Despite Andrew Bennett’s galpal Tig being depicted in a trademark Guillem March-drawn, back-breaking, contortionist pose on the cover of “I, Vampire” #15, Dennis Calero’s artwork inside Joshua Hale Fialkov’s story is significantly more photo-realistic, considerably darker and laced with what was once referred to as “mixed media.”
That “mixed media,” is bits and pieces sampled and reassembled to become new artwork. While not as emotionally charged as Rafael Albuquerque’s “American Vampire,” Calero’s art is dark and filled with dread and foreboding. Grounding the artwork in murkiness and non-committal shades of emotional absence, the brightest spots Marcelo Maiolo’s colors bring to the page are the various characters’ eyes as they exhibit their powers. This is evident in Andrew Bennett’s vampiric hound, the resurrected carriage driver and Bennett himself. Additionally, Maiolo fills much of “I, Vampire” #15 with mists of various shades and densities, raising the unknown and unrevealed significantly.
Fialkov’s story, while mired in the shadowy realm of vampires and secret organizations, does provide some illumination through the dialog and interactions of Bennett, Charles Thompson and Tig as they attack Castle Van Helsing in search of an artifact of notable power. The banter these three share reads like that from a seasoned cast of a popular television show — trading quips easily and collaborating in between. Being supernaturally charged and storming an impenetrable fortress doesn’t lend itself towards such interplay, but it does serve as testament to the development Fialkov has placed into these characters. Rounding out the cast of “I, Vampire” #15 are John Troughton, Mary Seward and Deborah Dancer, whose story is placed in parallel to the adventures of Bennett and his crew.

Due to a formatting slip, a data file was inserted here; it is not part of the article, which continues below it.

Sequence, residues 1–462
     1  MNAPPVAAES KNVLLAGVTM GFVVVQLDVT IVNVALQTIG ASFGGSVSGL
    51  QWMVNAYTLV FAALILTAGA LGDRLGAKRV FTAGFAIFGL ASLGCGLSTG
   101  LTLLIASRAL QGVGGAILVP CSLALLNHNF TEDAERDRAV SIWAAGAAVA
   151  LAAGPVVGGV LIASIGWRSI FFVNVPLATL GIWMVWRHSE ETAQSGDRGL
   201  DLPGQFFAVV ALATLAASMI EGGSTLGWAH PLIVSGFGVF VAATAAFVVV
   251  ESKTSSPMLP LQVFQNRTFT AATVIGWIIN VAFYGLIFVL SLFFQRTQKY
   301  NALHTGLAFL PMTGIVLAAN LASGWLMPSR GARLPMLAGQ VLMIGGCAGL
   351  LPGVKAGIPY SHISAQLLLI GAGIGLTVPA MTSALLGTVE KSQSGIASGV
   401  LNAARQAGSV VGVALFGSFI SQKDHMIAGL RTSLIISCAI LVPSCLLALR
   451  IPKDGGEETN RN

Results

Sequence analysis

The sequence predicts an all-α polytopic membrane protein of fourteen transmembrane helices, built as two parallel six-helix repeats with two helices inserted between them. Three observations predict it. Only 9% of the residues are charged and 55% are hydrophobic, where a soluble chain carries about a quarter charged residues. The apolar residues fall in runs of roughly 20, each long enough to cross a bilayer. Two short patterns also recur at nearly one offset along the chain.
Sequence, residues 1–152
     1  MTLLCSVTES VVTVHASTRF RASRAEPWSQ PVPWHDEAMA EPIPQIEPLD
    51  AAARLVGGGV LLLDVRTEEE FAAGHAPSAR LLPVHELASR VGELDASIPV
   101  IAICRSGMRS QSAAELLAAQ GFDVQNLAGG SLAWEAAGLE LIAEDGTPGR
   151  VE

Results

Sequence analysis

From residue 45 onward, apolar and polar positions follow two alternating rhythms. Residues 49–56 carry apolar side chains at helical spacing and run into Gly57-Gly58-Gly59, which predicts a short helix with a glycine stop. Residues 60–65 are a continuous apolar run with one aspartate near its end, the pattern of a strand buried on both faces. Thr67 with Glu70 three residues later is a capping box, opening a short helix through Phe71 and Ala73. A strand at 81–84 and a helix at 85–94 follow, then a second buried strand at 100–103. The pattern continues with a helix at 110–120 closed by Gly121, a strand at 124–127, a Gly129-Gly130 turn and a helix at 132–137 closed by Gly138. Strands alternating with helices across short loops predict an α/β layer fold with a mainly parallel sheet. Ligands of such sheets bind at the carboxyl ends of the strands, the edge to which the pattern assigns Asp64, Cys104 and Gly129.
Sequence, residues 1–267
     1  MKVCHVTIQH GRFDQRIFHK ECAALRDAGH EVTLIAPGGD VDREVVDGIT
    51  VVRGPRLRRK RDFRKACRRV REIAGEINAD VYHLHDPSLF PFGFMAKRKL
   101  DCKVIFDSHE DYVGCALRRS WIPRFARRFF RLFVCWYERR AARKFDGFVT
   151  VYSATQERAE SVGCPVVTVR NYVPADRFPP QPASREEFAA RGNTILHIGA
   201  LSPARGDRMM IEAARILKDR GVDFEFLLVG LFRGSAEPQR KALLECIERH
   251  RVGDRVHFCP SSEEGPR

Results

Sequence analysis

“I, Vampire” #15 feels like a transitional issue, moving pieces forward on the gameboard without fully revealing the final goal. Plans are afoot and designs playing out, but the reader is drawn in more than left as a mere observer. The issue delivers plenty of story, a nice bit of action and an attack from a vampire dog, which is more than most comic books can claim today. These elements, woven into strong characterization from Fialkov and nice art from Calero make “I, Vampire” a book worth sampling. There are lots of vampire stories out there, but as cliche as it is to say so; this one is not like those others.